GDPR-ready? How US email marketers can avoid hefty new EU fines

This coming May, companies across the globe will be expected to comply with stiff European Union privacy rules. However, many email marketers on this side of the Atlantic remain in the dark regarding new European standards.

GDPR-ready? How US email marketers can avoid hefty new EU fines |

The General Data Protection Regulation is a measure adopted by the European Union to protect user privacy and data of European citizens. While on the surface, this may appear insignificant to US marketing activities, the enactment of the GDPR will, in fact, present challenges for any US company doing business in EU countries to comply with tight regulations on data collection, privacy and disclosure.

To address these new regulations and ensure your marketing is compliant, follow these tips to keep ahead of the GDPR, which formally takes effect on May 25 of next year.

1. Make subscribing clear

The GDPR makes it critical for marketers to re-examine their current opt-in process. With the new regulation, subscribers must be told, and agree to, how their information will be used and what content they will be receiving — including newsletters, promotions or information about upcoming events.

Specifically, the GDPR requires that marketers provide two separate boxes, one exclusively reserved for receiving emails and one all-encompassing terms and conditions box.

To address this change, start by creating a clever statement to get subscribers excited like, “Yes! Sign me up to receive exclusive coupons, news and information in my inbox.” This not only confirms that they agree to the opt-in process, but creates a clear statement on the content they’ll soon be receiving.

A secondary statement and checkbox should then address the way marketers plan to use subscriber data if agreed to.

2. Eliminate jargon: Use clear and concise language

Going hand-in-hand with adding a subscription box, email marketers now have to carefully fine-tune messages to not only grab the attention of potential subscribers but also meet regulations by clearly defining how their information will be used.

If companies plan on providing their email list to other brands, they must obtain new permission from subscribers. Make sure to communicate with potential recipients clearly during the subscription process.

If you are sharing information with other companies, say so directly. Using language to deceive subscribers or hide true intentions will result in a violation of the regulations.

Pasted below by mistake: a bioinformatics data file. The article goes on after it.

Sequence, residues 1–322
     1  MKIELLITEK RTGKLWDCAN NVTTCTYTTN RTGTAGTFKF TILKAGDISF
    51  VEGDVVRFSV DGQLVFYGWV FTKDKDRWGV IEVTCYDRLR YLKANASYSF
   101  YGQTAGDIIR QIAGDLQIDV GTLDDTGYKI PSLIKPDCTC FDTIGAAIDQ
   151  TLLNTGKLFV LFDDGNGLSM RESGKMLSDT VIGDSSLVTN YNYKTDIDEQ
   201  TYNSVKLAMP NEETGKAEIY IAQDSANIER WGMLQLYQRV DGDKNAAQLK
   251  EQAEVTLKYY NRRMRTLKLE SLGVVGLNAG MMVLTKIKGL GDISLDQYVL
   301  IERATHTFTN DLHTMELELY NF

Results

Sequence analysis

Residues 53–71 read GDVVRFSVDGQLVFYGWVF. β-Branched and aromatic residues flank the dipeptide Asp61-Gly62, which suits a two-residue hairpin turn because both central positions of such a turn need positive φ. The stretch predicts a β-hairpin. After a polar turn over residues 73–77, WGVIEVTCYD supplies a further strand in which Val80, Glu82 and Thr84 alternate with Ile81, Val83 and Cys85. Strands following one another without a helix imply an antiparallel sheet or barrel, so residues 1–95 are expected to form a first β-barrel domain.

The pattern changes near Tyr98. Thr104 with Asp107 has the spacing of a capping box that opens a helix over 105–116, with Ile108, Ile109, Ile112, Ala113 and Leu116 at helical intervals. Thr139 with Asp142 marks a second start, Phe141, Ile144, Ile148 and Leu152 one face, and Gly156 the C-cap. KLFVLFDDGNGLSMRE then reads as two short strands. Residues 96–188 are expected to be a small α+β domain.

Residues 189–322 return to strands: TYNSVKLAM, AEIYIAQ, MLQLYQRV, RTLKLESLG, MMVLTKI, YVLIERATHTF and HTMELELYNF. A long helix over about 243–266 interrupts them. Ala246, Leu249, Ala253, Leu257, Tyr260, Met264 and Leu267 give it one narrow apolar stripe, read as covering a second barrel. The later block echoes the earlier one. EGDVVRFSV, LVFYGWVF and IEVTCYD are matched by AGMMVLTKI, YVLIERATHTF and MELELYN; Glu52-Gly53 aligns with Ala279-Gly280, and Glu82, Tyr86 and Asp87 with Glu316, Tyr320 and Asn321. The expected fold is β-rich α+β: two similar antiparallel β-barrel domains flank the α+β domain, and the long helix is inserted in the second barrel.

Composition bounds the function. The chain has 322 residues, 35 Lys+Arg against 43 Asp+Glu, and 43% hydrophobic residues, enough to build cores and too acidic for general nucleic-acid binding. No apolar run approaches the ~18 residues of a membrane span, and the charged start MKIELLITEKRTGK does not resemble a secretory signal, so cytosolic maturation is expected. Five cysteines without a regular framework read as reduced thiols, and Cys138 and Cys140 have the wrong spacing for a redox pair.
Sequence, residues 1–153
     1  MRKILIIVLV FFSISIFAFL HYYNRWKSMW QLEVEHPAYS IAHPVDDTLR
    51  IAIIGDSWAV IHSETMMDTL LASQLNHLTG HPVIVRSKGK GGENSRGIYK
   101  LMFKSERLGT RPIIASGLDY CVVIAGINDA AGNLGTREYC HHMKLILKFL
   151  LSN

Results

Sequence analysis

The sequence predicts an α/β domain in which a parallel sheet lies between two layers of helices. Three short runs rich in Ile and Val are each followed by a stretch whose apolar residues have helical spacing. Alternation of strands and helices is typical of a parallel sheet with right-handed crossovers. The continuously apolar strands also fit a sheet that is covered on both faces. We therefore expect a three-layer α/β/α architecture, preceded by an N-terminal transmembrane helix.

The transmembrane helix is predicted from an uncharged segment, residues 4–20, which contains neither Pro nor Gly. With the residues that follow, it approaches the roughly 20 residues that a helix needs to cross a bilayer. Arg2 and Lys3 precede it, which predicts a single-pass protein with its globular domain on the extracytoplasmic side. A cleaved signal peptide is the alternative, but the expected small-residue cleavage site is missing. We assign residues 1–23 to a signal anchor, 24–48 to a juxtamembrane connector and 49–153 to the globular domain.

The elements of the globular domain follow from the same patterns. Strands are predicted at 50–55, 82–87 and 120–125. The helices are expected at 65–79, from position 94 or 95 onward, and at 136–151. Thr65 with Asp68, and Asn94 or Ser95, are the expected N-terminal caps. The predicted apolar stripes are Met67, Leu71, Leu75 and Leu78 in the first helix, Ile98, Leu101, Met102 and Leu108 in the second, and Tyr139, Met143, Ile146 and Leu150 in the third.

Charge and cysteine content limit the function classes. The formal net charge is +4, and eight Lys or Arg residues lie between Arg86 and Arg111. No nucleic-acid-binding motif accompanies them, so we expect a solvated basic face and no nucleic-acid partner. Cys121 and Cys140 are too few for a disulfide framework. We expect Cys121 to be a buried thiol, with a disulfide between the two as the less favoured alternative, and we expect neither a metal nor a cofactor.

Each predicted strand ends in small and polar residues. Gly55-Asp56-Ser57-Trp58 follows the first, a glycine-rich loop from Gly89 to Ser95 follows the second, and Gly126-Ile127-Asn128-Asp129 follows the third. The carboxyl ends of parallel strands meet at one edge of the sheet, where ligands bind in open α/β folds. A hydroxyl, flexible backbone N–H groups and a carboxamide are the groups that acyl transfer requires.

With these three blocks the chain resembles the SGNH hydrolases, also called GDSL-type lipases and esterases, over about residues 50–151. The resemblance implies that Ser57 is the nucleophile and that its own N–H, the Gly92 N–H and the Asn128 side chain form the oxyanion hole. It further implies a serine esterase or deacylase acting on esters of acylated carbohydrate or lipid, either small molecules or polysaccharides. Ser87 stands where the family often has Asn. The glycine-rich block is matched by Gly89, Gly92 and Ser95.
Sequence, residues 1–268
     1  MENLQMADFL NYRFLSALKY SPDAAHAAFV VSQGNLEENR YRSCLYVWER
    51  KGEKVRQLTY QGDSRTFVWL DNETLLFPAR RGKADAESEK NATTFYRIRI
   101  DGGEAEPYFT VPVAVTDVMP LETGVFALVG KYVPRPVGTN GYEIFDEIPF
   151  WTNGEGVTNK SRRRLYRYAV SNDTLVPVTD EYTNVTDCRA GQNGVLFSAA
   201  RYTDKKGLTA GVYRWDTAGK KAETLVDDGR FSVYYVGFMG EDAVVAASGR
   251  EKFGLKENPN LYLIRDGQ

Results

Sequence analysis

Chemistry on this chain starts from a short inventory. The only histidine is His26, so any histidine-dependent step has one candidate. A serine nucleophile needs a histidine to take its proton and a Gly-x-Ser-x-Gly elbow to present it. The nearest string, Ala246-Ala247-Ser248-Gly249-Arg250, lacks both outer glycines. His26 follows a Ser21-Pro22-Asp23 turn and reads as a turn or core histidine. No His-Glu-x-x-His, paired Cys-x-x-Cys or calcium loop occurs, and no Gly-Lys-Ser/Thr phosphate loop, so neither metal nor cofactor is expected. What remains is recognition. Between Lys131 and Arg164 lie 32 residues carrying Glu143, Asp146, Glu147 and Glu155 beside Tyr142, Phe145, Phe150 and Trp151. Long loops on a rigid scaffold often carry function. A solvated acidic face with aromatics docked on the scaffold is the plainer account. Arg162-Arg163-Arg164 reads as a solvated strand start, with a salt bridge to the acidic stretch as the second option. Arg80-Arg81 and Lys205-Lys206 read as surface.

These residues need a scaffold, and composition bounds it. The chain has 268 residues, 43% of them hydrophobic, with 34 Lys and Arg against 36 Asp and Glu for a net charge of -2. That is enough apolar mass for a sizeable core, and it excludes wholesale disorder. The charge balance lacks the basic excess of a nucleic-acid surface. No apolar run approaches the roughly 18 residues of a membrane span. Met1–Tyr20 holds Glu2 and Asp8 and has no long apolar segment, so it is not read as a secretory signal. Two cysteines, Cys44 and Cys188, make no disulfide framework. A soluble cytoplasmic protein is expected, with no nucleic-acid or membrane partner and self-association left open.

3. Keep your email systems secure: Develop cybersecurity protocols

Email security is one of the most important mandates email marketers must take note of. When requested, all personal data must now be entirely removed from computer and company systems, leaving no trace of it.

Additionally, in the event of a security breach, it must be reported to the data protection officer or supervising authority within 72 hours.

To meet these new requirements for marketers, use a system that allows finding, editing and removing email contacts to be done quickly and easily. This saves time and allows EU citizens the “right to be forgotten” and to be completely removed from all databases.

Additionally, review all current security protocols, and make sure a comprehensive security breach plan is in place. This helps prevent costly cyberattacks and can build credibility in marketing programs.

While these new regulations don’t apply to American consumers, it’s important for US businesses to understand and migrate toward these standards. This helps establish respect and build stronger relationships with customers who are truly interested in receiving information about or from companies.

Be sure to start making changes now to ensure compliance and leave a lasting impact on subscribers!


[Article on MarTech Today.]

Some opinions expressed in this article may be those of a guest author and not necessarily Marketing Land. Staff authors are listed here.


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